Here are five myths about sexuality you might have been taught growing up, but then realized as an adult are 100 percent BS.
1. Masturbation Is Bad For You
If your parents ever told you that too much masturbation will make you go blind, I feel so sorry for you. Whether it is for religious or moral reasons or simply because they don't want you to develop a "bad habit," the idea of telling your kids not to explore their own sexuality via masturbating is pretty cruel. People have been researching sex for years, and there are no harmful side effects of masturbation. If you want to spend all night pleasuring yourself, more power to you. It feels good, and you can learn a lot about your sexual wants and needs in the process. Win-win.
2. Virginity Matters
Contrary to what the patriarchy would have us believe, women aren't defined by their virginity. Although religion, parents, and pop culture can all make a huge deal of maintaining your virginal status as long as possible, the fact of the matter is that the act of having sex does not and should not define you, as a human nor as a woman. When and with whom you have sex is your choice — whether you wait until ninth grade or your wedding day, whether it's with a man, woman, or both — the only thing that matters is that it's a choice you're comfortable with. We should all stop making such a fuss and placing such importance on virginity, IMHO.
3. Penetration And Sex Are Synonymous
Repeat after me: You do not have to be penetrated to have sex. The act of having sex encompasses such a huge range of activities that it's ridiculous to assume that a penis or dildo needs to be involved in order for sex to be "real." Plus, it totally excludes non-heteronormative kinds of sex. There are plenty of ways to have an orgasm that don't involve penetrative sex, because let's be honest: That doesn't always work for everyone, anyway. If someone tries to tell you off for saying you "had sex" with someone when all you did was engage in oral, politely remind that person that sex can be whatever we define it as, not what society assumes.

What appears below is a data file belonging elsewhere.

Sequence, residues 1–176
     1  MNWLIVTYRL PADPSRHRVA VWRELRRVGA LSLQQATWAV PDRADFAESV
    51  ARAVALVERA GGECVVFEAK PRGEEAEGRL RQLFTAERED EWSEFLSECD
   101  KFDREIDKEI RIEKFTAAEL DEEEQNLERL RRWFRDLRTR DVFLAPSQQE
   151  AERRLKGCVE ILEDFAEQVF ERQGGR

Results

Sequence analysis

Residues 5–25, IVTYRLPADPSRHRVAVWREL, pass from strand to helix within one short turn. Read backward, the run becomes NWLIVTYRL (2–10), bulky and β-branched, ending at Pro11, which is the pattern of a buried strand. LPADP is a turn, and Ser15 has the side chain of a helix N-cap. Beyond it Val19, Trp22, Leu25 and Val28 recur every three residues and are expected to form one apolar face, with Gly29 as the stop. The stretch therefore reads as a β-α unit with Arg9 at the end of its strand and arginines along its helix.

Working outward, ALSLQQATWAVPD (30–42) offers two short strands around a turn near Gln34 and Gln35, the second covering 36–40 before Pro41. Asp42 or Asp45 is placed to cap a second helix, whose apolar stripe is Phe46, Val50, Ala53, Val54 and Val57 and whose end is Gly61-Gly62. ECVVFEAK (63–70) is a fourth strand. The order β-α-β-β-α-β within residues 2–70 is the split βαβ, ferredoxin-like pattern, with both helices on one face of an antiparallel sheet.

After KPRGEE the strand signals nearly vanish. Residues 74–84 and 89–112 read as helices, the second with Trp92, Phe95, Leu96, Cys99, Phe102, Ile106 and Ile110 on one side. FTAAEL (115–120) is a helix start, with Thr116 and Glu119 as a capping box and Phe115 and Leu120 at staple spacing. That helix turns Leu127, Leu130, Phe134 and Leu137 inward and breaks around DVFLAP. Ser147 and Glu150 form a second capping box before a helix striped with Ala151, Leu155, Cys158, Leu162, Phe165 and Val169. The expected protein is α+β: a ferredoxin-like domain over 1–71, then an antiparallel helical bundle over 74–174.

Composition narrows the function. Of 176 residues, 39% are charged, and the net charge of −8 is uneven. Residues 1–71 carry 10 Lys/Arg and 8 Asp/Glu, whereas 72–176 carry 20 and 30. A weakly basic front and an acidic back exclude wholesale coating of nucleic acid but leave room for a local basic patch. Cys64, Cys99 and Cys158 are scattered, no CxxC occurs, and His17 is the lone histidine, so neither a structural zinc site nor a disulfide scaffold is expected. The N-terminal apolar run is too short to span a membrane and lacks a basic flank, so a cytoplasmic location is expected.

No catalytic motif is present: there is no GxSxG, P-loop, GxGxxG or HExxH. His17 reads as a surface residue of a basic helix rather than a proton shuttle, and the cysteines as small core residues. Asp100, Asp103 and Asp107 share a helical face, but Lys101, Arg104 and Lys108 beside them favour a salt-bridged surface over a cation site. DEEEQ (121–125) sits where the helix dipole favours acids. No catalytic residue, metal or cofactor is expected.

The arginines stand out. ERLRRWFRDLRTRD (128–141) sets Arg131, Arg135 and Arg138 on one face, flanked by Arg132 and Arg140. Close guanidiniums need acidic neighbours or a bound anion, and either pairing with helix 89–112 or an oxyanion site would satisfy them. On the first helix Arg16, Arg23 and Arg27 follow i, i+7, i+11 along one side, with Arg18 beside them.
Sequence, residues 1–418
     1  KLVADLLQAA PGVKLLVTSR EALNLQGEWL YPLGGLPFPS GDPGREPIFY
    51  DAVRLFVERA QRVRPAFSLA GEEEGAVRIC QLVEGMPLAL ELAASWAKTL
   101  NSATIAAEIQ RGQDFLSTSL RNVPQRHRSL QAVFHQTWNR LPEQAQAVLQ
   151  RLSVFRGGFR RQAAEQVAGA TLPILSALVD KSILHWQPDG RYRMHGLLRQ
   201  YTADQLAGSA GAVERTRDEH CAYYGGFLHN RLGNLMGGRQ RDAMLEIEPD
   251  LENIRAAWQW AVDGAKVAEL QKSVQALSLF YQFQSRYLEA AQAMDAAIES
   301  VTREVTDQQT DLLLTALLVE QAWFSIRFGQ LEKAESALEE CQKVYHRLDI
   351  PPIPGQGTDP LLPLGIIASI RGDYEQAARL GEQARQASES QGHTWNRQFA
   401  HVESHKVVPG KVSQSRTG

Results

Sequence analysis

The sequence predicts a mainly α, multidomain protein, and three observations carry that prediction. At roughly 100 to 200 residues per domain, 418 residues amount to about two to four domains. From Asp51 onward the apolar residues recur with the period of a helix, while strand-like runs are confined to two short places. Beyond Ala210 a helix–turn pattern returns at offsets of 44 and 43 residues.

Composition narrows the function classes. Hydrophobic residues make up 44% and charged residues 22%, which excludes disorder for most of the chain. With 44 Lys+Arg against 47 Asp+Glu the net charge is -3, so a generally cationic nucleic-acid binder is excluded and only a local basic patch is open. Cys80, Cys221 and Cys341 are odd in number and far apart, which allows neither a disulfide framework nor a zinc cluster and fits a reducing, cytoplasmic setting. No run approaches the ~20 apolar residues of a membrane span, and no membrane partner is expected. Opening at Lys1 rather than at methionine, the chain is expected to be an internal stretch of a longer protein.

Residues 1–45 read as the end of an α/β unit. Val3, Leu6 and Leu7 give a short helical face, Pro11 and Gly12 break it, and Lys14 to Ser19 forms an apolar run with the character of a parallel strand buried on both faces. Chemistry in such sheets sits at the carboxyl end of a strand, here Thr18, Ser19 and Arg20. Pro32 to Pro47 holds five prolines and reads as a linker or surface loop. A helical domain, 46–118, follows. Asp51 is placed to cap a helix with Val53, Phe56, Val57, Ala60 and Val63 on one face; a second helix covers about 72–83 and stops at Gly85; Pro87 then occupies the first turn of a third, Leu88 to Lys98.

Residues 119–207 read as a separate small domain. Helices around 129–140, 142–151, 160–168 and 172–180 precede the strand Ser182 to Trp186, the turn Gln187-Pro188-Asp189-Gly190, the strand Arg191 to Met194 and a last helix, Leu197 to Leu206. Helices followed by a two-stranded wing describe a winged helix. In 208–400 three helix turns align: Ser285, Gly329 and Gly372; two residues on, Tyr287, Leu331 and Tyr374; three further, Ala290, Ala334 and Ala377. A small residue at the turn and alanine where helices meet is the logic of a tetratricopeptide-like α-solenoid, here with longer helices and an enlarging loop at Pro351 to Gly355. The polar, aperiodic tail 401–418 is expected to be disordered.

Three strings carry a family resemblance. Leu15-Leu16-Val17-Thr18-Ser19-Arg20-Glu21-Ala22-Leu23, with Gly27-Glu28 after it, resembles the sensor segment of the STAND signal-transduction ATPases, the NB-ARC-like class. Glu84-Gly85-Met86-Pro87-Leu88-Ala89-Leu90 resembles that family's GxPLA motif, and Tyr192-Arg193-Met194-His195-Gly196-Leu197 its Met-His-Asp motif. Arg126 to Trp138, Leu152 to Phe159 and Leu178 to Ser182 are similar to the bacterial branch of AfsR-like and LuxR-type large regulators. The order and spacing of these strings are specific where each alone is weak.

4. Gender And Sexuality Are The Same Thing
Without making a PowerPoint detailing all the intricacies and complexities of human sexuality, let me just reiterate that your gender and your sexuality do not have to be the same thing. For people who don't get that the gender binary is outdated, it can be hard to understand the ways gender and sexuality differ, as well as interact. You might express your gender in one way, but define your sexuality in another. At the end of the day, despite society's obsession with putting people into neat little boxes, how you label and express all parts of your sexual identity are totally your choice.
5. Women Want Love, Men Want Sex
This antiquated misconception probably stems from the stupid idea that women are all emotion while men are all physical. Despite the fact that a 2014 study found that men crave sex more than women, it's unfair to generalize and assume that just because I'm a woman, I don't think about sex 24/7, or just because someone is a man, he can't spend hours making a Pinterest board for his dream wedding. Again: Sexuality is a spectrum, and rather than making assumptions based on gender, we should understand that sexuality is an extremely personal thing, and never judge someone for their desires or needs.